VLOG: 10 Ways to Prep for Pitch Wars in Under 5 Minutes

Pitch Wars is just around the corner. Here are a few ways you can start prepping now! How else do you like to prep for Pitch Wars? Leave your suggestion in the comments below!

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Day 6 (Part 2) of June Setting Workshop with Pitch Wars Mentor Susan Bishop Crispell
Jun08

Day 6 (Part 2) of June Setting Workshop with Pitch Wars Mentor Susan Bishop Crispell

Welcome to June’s Setting Workshop! From a Rafflecopter lottery drawing, we selected over thirty writers to participate. Each mentor has graciously critiqued a 500 word sample chosen by the writers from a place he or she felt needed help with setting. We hope that not only you’ll learn a little bit about setting that you can apply to your own writing, but that you’ll also be able to get to know some of our wonderful Pitch Wars mentors and their editing styles. We appreciate our mentors for giving up their time to do the critiques. If you have something encouraging to add, feel free to comment below. Please keep all comments tasteful. We will delete any inappropriate or hurtful ones. And now we have … Pitch Wars Mentor Susan Bishop Crispell  Twitter | Website I am the author of the forthcoming women’s fiction novels THE SECRET INGREDIENT OF WISHES (Thomas Dunne/St. Martin’s Press, 2016), and THE PROBABILITY OF FATE (Thomas Dunne/St. Martin’s Press, 2017). I have a B.F.A. in creative writing from The University of North Carolina – Wilmington. I live and write near Wilmington, NC with my husband, Mark, and our two literary-named cats. Aside from writing, I obsess over swoony fictional boys and baked goods and watch quirky TV shows, most of which canceled way before their time (and I have a wax lion to prove it!).   The 500 Word Critique . . . Adult Historical Fiction Leslie Martin   The town of Welch, West Virginia was not large by any stretch of the imagination. [Instead of telling us the town is small, describe it in a way that shows some of William’s personality (e.g., The town of Welch, West Virginia could have fit in William’s Army-issued rucksack with room to spare.).] William knew that before he went off to war, but while he was in Europe it must have shrunk. [Nice.] Of all of those blocks he had walked in Paris, just the path from the hospital to his favorite park bench [I like this idea, but it needs more context to help the reader see it. How far is the park? Across the street from the hospital or two corners over?] would have taken him from one side of his hometown to the other. When he stepped off the train onto the platform he could see the northern and southern edges of town [What marks the edges of town? Do the buildings stop and trees or flat road take over? Is there a landmark that signals the beginning of the town (water tower, flag pole, etc?)] from where he stood just by turning his head. Above the roof of the train station,...

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Day 6 of June Setting Workshop with Pitch Wars Mentor Pintip Dunn
Jun08

Day 6 of June Setting Workshop with Pitch Wars Mentor Pintip Dunn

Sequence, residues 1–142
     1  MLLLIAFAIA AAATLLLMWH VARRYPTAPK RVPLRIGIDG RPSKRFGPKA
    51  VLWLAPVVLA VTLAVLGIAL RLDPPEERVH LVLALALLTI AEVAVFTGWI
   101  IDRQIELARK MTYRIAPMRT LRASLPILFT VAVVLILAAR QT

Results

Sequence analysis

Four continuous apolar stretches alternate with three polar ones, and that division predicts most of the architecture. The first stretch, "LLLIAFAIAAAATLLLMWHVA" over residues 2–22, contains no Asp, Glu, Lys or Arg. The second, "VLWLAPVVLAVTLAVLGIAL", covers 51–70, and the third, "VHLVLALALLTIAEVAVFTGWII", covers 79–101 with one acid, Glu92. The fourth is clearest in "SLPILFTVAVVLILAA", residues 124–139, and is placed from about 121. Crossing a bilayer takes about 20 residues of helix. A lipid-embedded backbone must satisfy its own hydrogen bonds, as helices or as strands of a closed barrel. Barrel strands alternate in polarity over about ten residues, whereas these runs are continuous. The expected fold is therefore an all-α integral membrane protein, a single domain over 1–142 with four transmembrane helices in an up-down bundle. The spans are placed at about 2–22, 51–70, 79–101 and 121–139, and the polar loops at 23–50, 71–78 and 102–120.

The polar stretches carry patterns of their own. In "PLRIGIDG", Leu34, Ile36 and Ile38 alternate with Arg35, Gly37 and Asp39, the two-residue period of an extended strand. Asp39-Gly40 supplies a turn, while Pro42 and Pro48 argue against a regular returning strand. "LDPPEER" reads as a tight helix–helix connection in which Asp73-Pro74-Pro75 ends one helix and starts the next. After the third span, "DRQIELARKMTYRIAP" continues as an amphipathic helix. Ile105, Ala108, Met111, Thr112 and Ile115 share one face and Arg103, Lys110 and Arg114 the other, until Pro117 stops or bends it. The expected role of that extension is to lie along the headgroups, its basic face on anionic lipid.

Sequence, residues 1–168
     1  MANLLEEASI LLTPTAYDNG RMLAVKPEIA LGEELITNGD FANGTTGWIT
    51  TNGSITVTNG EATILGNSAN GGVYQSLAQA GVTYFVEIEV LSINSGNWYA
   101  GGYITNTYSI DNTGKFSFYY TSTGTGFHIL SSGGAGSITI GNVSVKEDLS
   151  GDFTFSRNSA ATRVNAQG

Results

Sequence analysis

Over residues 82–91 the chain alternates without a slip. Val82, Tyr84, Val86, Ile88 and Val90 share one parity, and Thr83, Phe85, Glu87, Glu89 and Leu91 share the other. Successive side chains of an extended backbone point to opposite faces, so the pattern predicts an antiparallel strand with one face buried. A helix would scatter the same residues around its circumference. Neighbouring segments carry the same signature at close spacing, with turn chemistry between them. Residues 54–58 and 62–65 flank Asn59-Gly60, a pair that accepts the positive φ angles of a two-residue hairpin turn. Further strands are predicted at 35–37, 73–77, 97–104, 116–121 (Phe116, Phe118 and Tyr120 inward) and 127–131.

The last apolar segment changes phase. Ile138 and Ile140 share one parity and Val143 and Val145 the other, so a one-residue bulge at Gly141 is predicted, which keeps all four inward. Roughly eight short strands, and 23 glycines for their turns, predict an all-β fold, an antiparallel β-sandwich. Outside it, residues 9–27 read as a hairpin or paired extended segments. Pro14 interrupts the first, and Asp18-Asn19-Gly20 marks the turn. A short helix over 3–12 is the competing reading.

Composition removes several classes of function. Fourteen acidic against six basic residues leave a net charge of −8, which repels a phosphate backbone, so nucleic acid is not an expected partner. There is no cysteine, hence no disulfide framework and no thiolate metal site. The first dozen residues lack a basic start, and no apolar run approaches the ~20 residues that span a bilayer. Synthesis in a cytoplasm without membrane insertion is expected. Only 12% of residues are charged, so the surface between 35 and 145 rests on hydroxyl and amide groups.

Welcome to June’s Setting Workshop! From a Rafflecopter lottery drawing, we selected over thirty writers to participate. Each mentor has graciously critiqued a 500 word sample chosen by the writers from a place he or she felt needed help with setting. We hope that not only you’ll learn a little bit about setting that you can apply to your own writing, but that you’ll also be able to get to know some of our wonderful Pitch Wars mentors and their editing styles. We appreciate our mentors for giving up their time to do the critiques. If you have something encouraging to add, feel free to comment below. Please keep all comments tasteful. We will delete any inappropriate or hurtful ones. And now we have … Pitch Wars Mentor Pintip Dunn   Website  |  Twitter When my first-grade teacher asked me what I wanted to be when I grew up, I replied, “An author.” Although I have pursued other interests over the years, this dream has never wavered. I graduated from Harvard University, magna cum laude, with an A.B. in English Literature and Language. I received my J.D. at Yale Law School, where I was an editor of the YALE LAW JOURNAL. I published an article in the YALE LAW JOURNAL, entitled, “How Judges Overrule: Speech Act Theory and the Doctrine of Stare Decisis,” and received the Barry S. Kaplan Prize for best paper in Law and Literature. I am represented by literary agent Beth Miller of Writers House. I’m a 2012 Golden Heart® finalist and a 2014 double-finalist. I’m a member of Romance Writers of America, Washington Romance Writers, YARWA, and The Golden Network. I live with my husband and children in Maryland. The 500 Word Critique . . . YA Sci Fi   Mars Year 103, Month 7, Sols 414 (Universal Solar Time) Earth Year 2148, April 15th   I slanted a glance [you could just say “glanced” here. It’s cleaner.] out the window. Every time, I expected to catch a glimpse of the Old Planet. But all I saw was black, vast empty space. [I think you could add some detail in one or other of the previous two sentences. If the space really was black emptiness, perhaps you can say what she expected to see of the old planet — greens, blues? what does a planet look like from space?] The Epoch1955 had been my home for the last twelve universal weeks. And though I knew it’d be years before I could download, [this verb threw me off; I don’t know exactly what you mean, and it is better to be more clear at the beginning so that the reader can ease into the world] I’d hoped to see Earth from a distance. No such luck. I glared at my wristband for what had...

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